Consider the famous two-slit experiment. When you observe a particle go through the holes, it behaves like a bullet, passing through one slit or the other. But if no one observes the particle, it exhibits the behaviour of a wave and can pass through both slits at the same time. This and other experiments tell us that unobserved particles exist only as ‘waves of probability’ as the great Nobel laureate Max Born demonstrated in 1926. They’re statistical predictions – nothing but a likely outcome. Until observed, they have no real existence; only when the mind sets the scaffolding in place, can they be thought of as having duration or a position in space.

Many scientists dismiss the implications of these experiments, because until recently, this observer-dependent behaviour was thought to be confined to the subatomic world. However, this is being challenged by researchers around the world. In fact, just this year a team of physicists (Gerlich et al, Nature Communications 2:263, 2011) showed that quantum weirdness also occurs in the human-scale world. They studied huge compounds composed of up to 430 atoms, and confirmed that this strange quantum behaviour extends into the larger world we live in.

Importantly, this has a direct bearing on the question of whether humans and other living creatures have souls. As Kant pointed out over 200 years ago, everything we experience – including all the colours, sensations and objects we perceive – are nothing but representations in our mind. Space and time are simply the mind’s tools for putting it all together. Now, to the amusement of idealists, scientists are beginning dimly to recognize that those rules make existence itself possible. Indeed, the experiments above suggest that objects only exist with real properties if they are observed. The results not only defy our classical intuition, but suggest that a part of the mind – the soul – is immortal and exists outside of space and time.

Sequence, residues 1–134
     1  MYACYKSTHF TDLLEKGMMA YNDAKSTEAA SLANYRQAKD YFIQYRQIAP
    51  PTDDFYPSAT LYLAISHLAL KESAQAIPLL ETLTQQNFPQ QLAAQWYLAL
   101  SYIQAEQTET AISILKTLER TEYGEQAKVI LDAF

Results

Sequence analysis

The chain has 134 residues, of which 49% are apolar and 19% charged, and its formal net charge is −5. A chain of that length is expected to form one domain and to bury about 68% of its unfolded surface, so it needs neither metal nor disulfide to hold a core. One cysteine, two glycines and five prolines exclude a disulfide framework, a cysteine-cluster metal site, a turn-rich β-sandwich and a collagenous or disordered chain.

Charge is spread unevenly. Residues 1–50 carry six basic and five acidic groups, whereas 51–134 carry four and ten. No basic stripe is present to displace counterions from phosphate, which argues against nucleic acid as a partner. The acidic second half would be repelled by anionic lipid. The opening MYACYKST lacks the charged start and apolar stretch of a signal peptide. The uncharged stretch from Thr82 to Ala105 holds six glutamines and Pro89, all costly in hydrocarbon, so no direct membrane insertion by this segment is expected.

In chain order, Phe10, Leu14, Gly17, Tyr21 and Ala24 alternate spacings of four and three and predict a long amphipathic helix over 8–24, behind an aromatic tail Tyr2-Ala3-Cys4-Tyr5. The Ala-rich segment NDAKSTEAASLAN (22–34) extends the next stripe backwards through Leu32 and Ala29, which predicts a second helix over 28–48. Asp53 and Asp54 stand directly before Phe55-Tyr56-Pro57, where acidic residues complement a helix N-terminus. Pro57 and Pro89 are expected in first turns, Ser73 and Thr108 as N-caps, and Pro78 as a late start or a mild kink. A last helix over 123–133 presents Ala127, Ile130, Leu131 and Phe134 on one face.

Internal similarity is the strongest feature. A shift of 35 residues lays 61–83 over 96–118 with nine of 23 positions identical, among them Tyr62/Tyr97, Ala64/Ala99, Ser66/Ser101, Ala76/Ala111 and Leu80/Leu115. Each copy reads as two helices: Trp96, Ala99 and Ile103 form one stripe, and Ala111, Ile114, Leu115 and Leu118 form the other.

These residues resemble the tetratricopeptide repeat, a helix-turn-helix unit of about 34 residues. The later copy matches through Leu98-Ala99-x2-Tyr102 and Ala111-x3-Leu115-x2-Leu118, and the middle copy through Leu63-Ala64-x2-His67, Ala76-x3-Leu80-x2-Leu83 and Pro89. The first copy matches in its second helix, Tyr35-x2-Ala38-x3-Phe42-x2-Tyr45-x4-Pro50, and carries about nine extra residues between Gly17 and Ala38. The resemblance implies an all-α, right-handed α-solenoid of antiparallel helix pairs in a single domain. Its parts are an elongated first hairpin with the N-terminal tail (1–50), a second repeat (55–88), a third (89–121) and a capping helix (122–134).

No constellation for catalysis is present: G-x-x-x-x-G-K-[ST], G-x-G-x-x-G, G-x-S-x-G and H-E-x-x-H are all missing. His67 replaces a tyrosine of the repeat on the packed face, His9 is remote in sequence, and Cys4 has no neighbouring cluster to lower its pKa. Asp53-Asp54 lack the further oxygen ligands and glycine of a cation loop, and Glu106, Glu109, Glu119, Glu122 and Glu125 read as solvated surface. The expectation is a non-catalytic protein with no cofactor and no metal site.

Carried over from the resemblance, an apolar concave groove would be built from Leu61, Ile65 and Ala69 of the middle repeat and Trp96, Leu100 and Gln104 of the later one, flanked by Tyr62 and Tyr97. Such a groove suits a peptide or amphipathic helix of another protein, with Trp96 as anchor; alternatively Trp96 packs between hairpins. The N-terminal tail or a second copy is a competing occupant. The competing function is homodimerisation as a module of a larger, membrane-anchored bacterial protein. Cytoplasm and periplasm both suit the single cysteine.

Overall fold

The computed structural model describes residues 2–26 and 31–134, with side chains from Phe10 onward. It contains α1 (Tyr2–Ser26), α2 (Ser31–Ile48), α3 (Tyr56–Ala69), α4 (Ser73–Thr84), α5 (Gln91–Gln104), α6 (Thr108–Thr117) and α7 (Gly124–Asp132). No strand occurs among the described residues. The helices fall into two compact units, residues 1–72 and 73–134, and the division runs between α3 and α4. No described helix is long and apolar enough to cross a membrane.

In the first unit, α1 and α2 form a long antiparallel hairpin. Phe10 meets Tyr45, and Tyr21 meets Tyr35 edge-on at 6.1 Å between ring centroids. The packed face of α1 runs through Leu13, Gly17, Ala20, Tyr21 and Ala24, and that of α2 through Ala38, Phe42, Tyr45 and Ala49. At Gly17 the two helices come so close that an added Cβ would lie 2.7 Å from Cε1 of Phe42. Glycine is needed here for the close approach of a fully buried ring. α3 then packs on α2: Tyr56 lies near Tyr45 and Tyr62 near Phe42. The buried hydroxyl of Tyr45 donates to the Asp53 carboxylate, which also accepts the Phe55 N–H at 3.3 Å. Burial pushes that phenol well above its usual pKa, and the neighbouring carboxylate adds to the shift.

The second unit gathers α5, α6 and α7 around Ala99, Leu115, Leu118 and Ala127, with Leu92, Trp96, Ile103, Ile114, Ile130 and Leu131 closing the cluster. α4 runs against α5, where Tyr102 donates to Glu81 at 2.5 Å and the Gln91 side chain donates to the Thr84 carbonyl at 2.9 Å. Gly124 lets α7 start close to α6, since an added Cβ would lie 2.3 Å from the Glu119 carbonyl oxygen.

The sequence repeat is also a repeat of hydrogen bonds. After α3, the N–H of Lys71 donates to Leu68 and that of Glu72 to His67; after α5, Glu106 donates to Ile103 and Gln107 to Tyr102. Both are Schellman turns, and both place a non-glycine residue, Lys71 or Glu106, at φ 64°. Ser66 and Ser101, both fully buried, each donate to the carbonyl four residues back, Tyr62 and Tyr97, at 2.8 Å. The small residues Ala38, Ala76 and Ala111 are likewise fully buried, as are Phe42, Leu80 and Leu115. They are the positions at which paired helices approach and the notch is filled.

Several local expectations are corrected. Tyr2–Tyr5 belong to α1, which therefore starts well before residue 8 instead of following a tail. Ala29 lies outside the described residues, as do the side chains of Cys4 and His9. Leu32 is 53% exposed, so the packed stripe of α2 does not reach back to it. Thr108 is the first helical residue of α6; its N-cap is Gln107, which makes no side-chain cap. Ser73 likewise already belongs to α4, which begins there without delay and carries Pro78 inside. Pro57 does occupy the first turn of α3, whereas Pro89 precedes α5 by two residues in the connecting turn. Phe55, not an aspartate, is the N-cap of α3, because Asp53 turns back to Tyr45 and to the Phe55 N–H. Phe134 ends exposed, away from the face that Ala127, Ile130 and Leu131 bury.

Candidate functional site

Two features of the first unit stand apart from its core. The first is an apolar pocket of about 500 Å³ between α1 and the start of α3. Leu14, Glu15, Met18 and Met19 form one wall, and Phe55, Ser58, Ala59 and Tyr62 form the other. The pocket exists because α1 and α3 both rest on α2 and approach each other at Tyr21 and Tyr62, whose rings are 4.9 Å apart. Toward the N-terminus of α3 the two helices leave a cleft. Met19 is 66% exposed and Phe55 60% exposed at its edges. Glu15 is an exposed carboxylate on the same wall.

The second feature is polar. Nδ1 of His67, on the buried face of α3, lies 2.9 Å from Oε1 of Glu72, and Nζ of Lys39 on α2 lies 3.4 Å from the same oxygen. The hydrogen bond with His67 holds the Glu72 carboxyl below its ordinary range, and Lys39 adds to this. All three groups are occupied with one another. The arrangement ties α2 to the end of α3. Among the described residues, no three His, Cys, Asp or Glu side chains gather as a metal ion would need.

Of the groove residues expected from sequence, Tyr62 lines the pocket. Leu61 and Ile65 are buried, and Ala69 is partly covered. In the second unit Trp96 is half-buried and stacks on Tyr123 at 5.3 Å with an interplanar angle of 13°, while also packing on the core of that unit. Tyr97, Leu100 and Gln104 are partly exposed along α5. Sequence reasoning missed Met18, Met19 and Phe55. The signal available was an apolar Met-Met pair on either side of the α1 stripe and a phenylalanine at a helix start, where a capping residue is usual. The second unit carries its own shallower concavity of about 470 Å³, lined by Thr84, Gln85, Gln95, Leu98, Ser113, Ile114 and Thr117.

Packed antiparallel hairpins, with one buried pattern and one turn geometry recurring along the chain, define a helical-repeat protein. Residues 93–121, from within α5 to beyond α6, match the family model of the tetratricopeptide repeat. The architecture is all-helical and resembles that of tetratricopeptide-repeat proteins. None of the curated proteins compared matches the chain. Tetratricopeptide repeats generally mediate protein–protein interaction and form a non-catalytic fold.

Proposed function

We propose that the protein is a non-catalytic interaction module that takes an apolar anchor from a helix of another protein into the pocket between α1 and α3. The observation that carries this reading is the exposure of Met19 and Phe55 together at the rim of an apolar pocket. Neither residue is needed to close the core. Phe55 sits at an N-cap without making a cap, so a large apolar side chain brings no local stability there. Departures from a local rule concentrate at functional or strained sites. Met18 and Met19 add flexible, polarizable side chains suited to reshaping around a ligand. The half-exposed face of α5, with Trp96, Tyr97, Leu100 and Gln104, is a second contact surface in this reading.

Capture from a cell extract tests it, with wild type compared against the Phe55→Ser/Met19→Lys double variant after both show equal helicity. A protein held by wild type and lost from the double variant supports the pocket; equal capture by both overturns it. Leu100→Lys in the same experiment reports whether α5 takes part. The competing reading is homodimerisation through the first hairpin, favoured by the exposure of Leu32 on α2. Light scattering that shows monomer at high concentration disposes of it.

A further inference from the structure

To conclude, I am not concerned here with the radical claim that personal identity, free will, and consciousness do not exist. As I know that I, myself, exist. However, I do not believe in the idea of the soul. This is mainly because of the inability to prove its existence with science instead of spirituality and I strongly agree that its concept is a result of brain boredom. However, probably like most people in the world I hope that it exists to help fight the scare of no longer existing. “The hope of another life’ wrote Will Durant ‘gives us courage to meet our own death, and to bear with the death of our loved ones; we are twice armed if we fight with faith.’